Sinn Féin's Northern chairman Bobby Storey has been arrested and remains in custody along with two other well-known republicans in connection with the murder of Belfast republican Kevin McGuigan last month.

The arrests have generated political unrest within the Northern Ireland Assembly.

First Minister of Northern Ireland and leader of the Democratic Unionist Party, Peter Robinson, has stated that the DUP government ministers will resign from the Executive unless the Northern Ireland Assembly is adjourned in the wake of these arrests, leaving the Assembly once again in a state of crisis.

"As a consequence of today's events, we are seeking the recall of the Business Committee to consider adjourning the Assembly,” he said in his statement.

"If that does not happen or, as an alternative, the Secretary of State does not suspend the Assembly, then DUP Ministerial resignations will follow immediately."

"The DUP has made it clear it will not be involved in business as usual. Other parties must now step up to the mark and stop the Assembly from proceeding as if nothing has happened.

Robinson claims the resignations could take place as early as Thursday evening if government proceedings were not halted.

Such as move would cause the Northern Ireland power-sharing government to collapse.

Ex-IRA man Kevin McGuigan, father of nine, was murdered in the Short Strand area of Belfast last month, allegedly by IRA members. Police Service of Northern Ireland Chief Constable George Hamilton has stated that IRA members were involved in McGuigan’s death, although without the sanction of IRA leadership.

Storey and his fellow senior republicans, Brian Gillen and Eddie Copeland, are the latest in a string of 16 total arrests in connection with the murder. None of those arrested so far has been charged in relation to the murder, although one was charged for possession of a firearm.

The three men, aged 59, 58 and 45, were arrested in North and West Belfast on Wednesday morning.

“The three males are currently assisting officers at the Serious Crime Suite at Antrim Police Station,” said Detective Chief Inspector John McVea.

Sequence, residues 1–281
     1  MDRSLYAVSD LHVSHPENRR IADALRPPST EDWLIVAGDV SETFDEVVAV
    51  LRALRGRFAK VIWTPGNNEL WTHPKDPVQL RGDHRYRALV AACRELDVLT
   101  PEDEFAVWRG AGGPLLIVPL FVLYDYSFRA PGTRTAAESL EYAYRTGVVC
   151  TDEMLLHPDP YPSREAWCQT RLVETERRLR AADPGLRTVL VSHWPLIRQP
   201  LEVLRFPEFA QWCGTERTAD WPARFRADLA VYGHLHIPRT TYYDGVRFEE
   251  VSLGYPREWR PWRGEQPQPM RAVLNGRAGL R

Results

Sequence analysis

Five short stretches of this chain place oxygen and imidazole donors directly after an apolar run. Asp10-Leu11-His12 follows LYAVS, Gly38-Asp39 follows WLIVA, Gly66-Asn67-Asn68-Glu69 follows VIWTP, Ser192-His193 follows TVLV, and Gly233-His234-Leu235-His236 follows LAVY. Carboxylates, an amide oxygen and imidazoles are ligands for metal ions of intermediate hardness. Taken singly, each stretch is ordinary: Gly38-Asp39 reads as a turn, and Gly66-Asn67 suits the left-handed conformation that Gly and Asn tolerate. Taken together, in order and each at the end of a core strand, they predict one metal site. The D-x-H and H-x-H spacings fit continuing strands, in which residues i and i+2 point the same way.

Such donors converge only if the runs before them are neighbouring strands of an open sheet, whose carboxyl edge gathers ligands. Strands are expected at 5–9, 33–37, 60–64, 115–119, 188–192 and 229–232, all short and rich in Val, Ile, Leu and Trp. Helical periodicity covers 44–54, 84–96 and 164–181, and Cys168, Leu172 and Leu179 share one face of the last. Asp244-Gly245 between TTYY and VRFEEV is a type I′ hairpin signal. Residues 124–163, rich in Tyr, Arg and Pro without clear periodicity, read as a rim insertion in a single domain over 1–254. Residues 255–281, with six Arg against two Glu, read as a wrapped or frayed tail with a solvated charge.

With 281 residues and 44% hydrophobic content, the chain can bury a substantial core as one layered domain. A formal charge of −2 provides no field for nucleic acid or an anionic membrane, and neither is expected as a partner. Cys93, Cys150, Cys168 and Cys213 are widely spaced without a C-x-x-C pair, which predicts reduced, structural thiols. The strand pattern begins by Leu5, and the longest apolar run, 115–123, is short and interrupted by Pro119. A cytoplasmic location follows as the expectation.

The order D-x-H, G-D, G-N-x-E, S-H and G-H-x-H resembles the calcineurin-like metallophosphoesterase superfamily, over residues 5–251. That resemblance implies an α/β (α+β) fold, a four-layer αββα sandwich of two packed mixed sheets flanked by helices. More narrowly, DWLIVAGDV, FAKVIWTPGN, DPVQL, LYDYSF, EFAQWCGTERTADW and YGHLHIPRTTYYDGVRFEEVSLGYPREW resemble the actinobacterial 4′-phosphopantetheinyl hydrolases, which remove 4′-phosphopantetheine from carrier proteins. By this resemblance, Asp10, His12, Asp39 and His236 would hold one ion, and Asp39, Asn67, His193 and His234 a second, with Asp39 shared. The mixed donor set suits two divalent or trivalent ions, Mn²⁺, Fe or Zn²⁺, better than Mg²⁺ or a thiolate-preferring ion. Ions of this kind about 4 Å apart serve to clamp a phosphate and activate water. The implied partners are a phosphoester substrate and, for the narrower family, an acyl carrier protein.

Sinn Fein leader Gerry Adams has expressed “grave concern” regarding the arrest of Storey and its impact on the current talks.

“At this stage I don’t want to go any further than to say that I have grave concerns about how all of this has developed, including the arrest of Bobby Storey,” he said.

Referring to Storey as his friend, Adams told how they first met “in the cages of Long Kesh when he was a very young man and the rest of it is a matter of history.”

He continued, describing Storey as “a person of great integrity,” a “valued member of our national leadership” and that he would be shocked if he was not released.

Bobby Storey has allegedly held several senior roles in the IRA. Following his internment in the 1970s, he served a long sentence for IRA offenses and was even referred to by the Ulster Unionist Party MP for South Antrim, David Burnside, as Head of Intelligence for the IRA.

Adams has insisted that there is no IRA structure still in existence and that Sinn Féin is presently the “only one republican organization involved in the republican struggle and in republican activism.”

Ulster Unionist Party leader Mike Nesbitt, however, argued: “There is one issue here – the fact that the IRA still exists, and Sinn Féin are in denial.”

He stated that the arrest meant a “question of the credibility of Sinn Féin” and that it would “not be business as usual”.

Traditional Unionist Voice leader Jim Allister has said that the latest arrest has brought the “murder investigation to the very heart of the DUP’s partner in government, Sinn Féin.”

“It is time for the DUP to wake up and come out from among them,” he added.

DUP leader Peter Robinson stated: “Hopefully the UUP will support us this time rather than voting with SF for business as usual.”

1/2) These events were predicted in my statement on Monday. No one can be above the law. That is why we sought adjournment of the Assembly.

— Peter Robinson (@DUPleader) September 9, 2015

The UUP walked out of government following the the PSNI assessment and have also vowed to remain outside of talks aimed at resolving the crisis.

Sinn Féin party member and Northern Ireland’s deputy First Minister Martin McGuinness has expressed his belief that Storey will be quickly released.

“He has played a leading role in Sinn Féin’s core peace strategy and is a longstanding and loyal supporter, defender and advocate of the peace and political processes,” McGuinness stated.

“We look forward with confidence to his early release.”

He also believes that UK Prime Minister David Cameron and Irish Prime Minister (Taoiseach) Enda Kenny will not approve the suspension of proceedings in the North.

"I think it would be a grave mistake from the British government to suspend these institutions. I think it would send a very negative message,” he said.